Prisco extraordinarily claims that "[i]t seems to me that any other assumption would fall into mystic, magic, and supernatural realms that are completely foreign to my basic assumptions about reality." That is to say, according to Prisco anybody who does not believe as he does that the self is reducible to some unspecified construal of information that is somehow indifferent to the material mode of its instantiation is engaged in mystical, magical, supernatural thinking. Not to put too fine a point on it, this is one of the most facile and careless things I have ever heard in my life.
It is just an icing on the idiocy that "[o]n the basis of this assumption and conclusion," Prisco goes on oh so non-mystically, non-magically, non-supernaturally to predict "we will be able to upload human personalities to suitable computational supports, much longer lived than biological brains." He then assures us, "This is, I believe, fully compatible with our current scientific understanding of the universe." Never mind that actually existing computers exhibit conspicuous limitations and unreliabilities compared to actually existing biological brains of a kind that non-supernaturalist champions of science might properly be expected not to handwave away, never mind that actual scientists have never even approached a consensus of belief in superlative outcomes of the kind that preoccupy Prisco's attention.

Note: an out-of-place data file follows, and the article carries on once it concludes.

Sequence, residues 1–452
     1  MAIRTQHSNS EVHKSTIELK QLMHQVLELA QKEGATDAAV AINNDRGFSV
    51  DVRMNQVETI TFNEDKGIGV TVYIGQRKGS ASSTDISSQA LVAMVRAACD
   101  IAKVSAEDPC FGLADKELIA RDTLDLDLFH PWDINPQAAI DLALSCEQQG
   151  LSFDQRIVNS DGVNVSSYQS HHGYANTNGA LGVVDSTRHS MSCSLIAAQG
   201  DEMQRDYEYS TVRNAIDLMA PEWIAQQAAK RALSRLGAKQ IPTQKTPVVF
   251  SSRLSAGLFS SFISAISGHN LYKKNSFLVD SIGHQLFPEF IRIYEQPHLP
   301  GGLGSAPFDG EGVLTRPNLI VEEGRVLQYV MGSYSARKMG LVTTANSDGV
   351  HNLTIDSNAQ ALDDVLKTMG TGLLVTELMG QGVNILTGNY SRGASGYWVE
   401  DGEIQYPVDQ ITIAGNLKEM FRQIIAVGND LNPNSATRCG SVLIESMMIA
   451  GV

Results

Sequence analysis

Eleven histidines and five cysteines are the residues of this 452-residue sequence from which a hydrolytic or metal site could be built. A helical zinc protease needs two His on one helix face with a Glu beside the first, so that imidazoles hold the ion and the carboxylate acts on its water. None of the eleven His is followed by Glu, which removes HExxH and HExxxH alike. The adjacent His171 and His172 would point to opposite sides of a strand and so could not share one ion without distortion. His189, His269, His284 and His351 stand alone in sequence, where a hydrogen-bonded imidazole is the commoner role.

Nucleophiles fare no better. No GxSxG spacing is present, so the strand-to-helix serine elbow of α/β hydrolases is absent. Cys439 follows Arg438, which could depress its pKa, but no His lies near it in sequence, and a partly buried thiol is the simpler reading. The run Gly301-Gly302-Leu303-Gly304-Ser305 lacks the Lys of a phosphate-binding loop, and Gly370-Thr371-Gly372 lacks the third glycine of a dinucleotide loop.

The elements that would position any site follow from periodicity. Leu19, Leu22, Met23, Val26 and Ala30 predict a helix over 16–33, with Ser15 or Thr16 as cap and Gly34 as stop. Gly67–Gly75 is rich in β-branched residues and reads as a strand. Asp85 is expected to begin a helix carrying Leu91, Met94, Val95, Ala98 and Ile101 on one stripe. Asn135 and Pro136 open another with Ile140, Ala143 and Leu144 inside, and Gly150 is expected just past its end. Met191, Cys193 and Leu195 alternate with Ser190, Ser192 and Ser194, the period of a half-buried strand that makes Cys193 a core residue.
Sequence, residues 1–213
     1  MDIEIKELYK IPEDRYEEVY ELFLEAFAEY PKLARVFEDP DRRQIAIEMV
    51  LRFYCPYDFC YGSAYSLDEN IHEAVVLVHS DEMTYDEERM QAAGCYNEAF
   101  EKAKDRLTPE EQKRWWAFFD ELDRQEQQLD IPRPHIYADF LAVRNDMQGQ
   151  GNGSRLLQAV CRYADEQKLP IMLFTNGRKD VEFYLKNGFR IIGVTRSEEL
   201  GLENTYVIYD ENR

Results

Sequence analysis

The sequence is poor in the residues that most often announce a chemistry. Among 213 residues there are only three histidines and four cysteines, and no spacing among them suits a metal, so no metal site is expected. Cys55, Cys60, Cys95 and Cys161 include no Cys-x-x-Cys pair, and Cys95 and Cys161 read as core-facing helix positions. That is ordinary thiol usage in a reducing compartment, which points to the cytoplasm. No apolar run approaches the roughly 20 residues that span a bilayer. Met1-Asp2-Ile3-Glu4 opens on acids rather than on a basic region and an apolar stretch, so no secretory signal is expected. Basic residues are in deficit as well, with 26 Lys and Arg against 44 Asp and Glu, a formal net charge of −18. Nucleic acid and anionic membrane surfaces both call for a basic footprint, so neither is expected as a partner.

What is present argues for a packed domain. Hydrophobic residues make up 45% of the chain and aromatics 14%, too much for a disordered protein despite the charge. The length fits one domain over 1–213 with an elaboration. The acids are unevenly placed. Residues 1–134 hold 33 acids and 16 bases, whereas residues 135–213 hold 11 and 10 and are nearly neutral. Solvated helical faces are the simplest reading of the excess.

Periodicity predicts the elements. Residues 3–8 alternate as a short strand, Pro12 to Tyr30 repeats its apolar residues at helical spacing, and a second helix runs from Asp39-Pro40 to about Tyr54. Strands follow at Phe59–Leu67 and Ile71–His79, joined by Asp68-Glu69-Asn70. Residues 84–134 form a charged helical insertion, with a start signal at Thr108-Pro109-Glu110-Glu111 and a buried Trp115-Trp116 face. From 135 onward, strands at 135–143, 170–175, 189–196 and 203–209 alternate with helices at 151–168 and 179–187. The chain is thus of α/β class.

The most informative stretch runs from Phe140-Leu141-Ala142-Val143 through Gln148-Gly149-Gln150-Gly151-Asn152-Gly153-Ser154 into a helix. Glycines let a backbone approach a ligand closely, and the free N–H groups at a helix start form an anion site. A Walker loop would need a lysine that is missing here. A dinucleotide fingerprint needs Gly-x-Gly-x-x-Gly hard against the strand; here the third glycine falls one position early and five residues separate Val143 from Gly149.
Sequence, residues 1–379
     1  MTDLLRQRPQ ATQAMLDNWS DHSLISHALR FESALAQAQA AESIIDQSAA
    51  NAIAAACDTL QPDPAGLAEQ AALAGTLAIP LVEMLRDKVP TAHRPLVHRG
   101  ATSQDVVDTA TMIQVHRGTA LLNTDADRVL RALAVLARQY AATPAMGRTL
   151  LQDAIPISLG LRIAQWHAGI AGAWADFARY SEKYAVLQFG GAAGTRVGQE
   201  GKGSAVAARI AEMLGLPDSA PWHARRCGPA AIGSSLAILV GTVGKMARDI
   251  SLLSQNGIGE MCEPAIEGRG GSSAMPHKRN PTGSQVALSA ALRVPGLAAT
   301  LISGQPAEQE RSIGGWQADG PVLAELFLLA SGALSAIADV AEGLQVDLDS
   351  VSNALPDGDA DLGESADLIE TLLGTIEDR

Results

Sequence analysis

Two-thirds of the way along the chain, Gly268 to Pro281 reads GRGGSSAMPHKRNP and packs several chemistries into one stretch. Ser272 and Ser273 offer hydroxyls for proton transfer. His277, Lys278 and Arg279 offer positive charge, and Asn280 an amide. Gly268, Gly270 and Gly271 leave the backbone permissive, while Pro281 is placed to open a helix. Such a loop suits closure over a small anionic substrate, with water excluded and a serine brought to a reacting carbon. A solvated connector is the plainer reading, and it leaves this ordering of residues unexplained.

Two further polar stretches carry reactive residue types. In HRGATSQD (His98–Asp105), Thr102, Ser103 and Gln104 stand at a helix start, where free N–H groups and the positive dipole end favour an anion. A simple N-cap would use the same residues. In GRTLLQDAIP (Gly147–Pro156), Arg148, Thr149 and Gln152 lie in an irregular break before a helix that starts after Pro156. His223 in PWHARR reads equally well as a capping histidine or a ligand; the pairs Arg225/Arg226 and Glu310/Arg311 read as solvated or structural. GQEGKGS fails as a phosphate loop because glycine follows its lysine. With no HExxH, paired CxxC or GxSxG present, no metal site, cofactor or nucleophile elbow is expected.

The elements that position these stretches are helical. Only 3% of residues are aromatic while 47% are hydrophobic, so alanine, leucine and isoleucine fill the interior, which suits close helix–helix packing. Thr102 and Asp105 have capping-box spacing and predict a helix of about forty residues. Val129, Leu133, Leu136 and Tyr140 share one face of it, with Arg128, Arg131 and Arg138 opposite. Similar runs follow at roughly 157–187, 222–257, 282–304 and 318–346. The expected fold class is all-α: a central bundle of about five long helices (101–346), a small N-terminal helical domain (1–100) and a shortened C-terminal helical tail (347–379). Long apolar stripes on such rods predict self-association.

And so, "The 'natural vs. supernatural' argument above tells me that cryonics works in principle -- there is no mystic 'soul' that irretrievably leaves a frozen brain after death by decree of god." Needless to say, even in a universe without a bloody-minded sky-daddy to govern us, it is not necessarily the case that bodies or brains "preserved" through processes of freezing or even vitrification will be revivable or retrievable by future medical techniques, and the scientific consensus is not encouraging on this question, handwaving by superlative technocentrics (self-appointed "champions" of science, all) notwithstanding.
But, never mind any of that: "This [belief] makes me happy," writes Prisco.
Honesty, at last! Far be it from me to deny anybody the enriching edifications of nonscientific practices of private perfection. My own commitment to rationality is not a reductionist but a pluralist one. I believe that human flourishing is multidimensional in its practices and aspirations, and that rational beliefs are warranted in different modes, according to different criteria, facilitating different ends: at a minimum, scientific, moral, esthetic, ethical, and political. Under such a pluralist conception, rationality demands not only that one's beliefs always satisfy the criteria of warrant associated with their relevant mode, but also that one always ascertain which mode is most appropriation to the aspiration one would incarnate from case to case. If Superlative Technocentrics just want to indulge in abstract idealizations about a heaven they call "the future" that is probably harmless as far as it goes (and no doubt can be enormous fun) unless they mistake this essentially private esthetic indulgence or moralizing mode of sub(cult)ural identification as a serious kind of public deliberation compatible with secular democratic stakeholder politics, or mistake this essentially faithful project as a scientific one in any sense.